The teacher and the State Journal have both asked for the district’s report of its investigation of the event, but the district has refused to release it, citing student privacy. The state open records law permits the district to black out information that would identify students.
Emails that were sent to Hamilton staff regarding the teacher — and released to the State Journal under the state’s public records law — refer to her initial suspension, recount the event and otherwise support the teacher’s version of what happened on Oct. 31 and in the days after. Several, along with two letters in her personnel file, also laud the teacher’s work and interaction with students.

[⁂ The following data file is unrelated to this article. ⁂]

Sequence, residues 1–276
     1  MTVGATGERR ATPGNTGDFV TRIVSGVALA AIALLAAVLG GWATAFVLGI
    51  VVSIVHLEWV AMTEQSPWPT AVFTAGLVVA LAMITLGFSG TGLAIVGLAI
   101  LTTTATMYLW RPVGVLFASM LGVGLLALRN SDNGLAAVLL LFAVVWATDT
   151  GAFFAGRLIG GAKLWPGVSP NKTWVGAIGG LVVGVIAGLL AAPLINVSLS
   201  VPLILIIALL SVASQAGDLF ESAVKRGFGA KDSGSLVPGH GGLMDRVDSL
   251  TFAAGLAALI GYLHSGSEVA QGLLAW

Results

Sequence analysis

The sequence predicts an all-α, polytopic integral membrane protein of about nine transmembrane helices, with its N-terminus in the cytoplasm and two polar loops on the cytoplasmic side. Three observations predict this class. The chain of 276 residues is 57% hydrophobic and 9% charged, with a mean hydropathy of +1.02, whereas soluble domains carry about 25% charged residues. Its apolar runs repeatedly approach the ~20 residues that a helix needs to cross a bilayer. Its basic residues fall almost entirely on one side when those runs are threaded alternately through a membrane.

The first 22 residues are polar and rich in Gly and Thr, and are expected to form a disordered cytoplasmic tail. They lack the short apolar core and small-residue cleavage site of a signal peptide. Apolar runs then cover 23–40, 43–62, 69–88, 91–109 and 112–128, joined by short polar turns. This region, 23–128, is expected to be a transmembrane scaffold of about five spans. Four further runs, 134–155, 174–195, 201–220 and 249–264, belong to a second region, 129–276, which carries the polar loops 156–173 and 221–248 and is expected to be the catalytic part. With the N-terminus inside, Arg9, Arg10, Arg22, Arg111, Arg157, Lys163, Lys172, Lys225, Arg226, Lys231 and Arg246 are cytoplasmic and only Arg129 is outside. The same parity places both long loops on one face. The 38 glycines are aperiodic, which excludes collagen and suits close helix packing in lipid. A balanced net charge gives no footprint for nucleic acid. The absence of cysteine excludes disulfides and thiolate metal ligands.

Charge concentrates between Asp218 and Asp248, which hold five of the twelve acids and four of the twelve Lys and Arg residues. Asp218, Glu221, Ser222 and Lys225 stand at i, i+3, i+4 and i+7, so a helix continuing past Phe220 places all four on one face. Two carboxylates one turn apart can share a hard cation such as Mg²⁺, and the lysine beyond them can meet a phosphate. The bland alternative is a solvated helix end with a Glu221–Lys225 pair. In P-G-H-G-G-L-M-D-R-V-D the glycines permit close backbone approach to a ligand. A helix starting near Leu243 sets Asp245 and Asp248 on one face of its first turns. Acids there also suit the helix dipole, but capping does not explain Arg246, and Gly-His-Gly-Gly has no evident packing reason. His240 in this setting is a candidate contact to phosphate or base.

The teacher’s personnel file, also accessed through a public records request, includes no prior incidents of disciplinary action against her. She said she had never before been subject to such action.
“I’ve never even been called to the principal’s office and said, like, ‘That lesson plan wasn’t a great idea’ or ‘You probably shouldn’t have done that,’” she said.